All three of us floated toward the windows. We were on the dark side of a planet, and the sunrise was a few minutes away. Below us, we saw no city lights. The surface appeared to be very bright, and we thought it must be heavy cloud coverage, reflecting the ambient light of the moon and the stars. There was lots of it. We watched and waited. After the sunrise, things got worse. Yes, there was some cloud coverage, but most of what we saw was snow and ice. That place down below us was going through some sort of severe winter.
Next, we deployed observation bubbles from the hull of the ship. At least we could look around while we tried to figure out what to do next. Hopper and Mel stayed put observing the surface of the planet, and I went to gaze at space. I said, "Guys, keep looking for anything green down there, when we enter the dark side again, keep looking for any lights at all. Titov said he could spot campfires from orbit."
"Will do, Major." said Mel.
Mel, Hopper and Mr. Toes
by Ijon
I worked my way to the bubble and crawled into it. Usually, this view always takes my breath away, and I never tire of it. Now I wondered if I was looking out from my coffin. At first glance everything still looked familiar, it was the same view I saw countless times before. If things have shifted out there, I couldn't tell by how much. Holding on to a paw rail, I slowly turned around. That's when my heart skipped another beat.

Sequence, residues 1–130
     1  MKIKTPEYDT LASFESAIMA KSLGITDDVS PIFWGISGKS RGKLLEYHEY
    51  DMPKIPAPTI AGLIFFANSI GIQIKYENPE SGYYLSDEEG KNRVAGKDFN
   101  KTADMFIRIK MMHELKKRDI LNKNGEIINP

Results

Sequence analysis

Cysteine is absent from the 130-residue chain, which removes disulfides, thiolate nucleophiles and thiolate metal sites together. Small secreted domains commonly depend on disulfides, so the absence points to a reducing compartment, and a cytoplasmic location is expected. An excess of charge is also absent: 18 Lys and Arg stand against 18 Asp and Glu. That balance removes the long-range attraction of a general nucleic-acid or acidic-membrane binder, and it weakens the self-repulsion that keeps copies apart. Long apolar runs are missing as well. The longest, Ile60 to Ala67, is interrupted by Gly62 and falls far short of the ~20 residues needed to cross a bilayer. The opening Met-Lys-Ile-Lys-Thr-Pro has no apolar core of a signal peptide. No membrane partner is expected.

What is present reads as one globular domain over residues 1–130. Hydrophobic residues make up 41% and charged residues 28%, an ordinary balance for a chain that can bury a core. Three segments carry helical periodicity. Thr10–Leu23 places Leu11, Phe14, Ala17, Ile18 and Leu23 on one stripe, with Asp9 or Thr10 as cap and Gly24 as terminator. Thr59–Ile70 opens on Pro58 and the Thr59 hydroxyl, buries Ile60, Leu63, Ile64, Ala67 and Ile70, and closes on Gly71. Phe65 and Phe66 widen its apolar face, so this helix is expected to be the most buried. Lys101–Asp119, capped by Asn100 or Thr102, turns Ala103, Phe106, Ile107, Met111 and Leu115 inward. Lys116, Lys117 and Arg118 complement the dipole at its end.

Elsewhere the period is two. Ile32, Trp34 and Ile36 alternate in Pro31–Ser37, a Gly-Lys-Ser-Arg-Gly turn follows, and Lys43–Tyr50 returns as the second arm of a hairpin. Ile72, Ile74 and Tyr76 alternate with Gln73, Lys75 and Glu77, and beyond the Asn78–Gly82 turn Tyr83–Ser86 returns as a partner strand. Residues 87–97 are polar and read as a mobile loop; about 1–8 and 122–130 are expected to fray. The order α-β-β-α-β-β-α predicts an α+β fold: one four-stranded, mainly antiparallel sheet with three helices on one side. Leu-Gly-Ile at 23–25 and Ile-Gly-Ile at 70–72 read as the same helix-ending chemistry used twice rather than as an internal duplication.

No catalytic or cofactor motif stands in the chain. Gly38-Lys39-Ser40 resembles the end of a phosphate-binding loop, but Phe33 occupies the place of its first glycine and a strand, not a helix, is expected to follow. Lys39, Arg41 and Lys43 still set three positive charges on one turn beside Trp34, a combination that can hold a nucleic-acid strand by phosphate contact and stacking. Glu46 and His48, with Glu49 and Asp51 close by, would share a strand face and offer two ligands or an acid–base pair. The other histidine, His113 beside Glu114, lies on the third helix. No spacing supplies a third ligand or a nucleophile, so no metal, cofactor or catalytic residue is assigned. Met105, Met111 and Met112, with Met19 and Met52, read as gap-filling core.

"Mel, Hopper, you better get over here!"
They got there in a hurry. I got out of the bubble, and somehow, they both managed to squeeze in there. Hopper got out of it almost immediately. He turned off life support in his suit and pulled down the visor on his helmet. His breathing was fast and heavy; his visor started to steam up. When he got done hyperventilating, he opened the visor and just kept looking at me without saying a word. Then Mel turned upside down and stuck his head out of the bubble. His nose was twitching fast; he looked perplexed.
"How did we miss it on the radar? " asked Mel and turned himself around once again and disappeared in the observation bubble.
Author's Note: Today we feature the disappearance of Mr. Toes and his young crew from their perspective. We are starring two fictitious characters: Hopper and Mel. They are named after two American painters: Edward Hopper and Mel Leipzig. Mel is a contemporary American realist painter and Hopper is one of his favorite artists.
Of course, it's plausible. Just consider Alan Bean, one of the Apollo astronauts who painted before he flew to the moon and after retiring from NASA became a full-time artist. Alexey Leonov, the first spacewalker, doesn't shy away from the brush either.


RG said...

Left in suspenders again ....

Anonymous said...

Buns In Space.... que the dramatic music. Those pencil drawings depicting the action are great ! ken&Kaci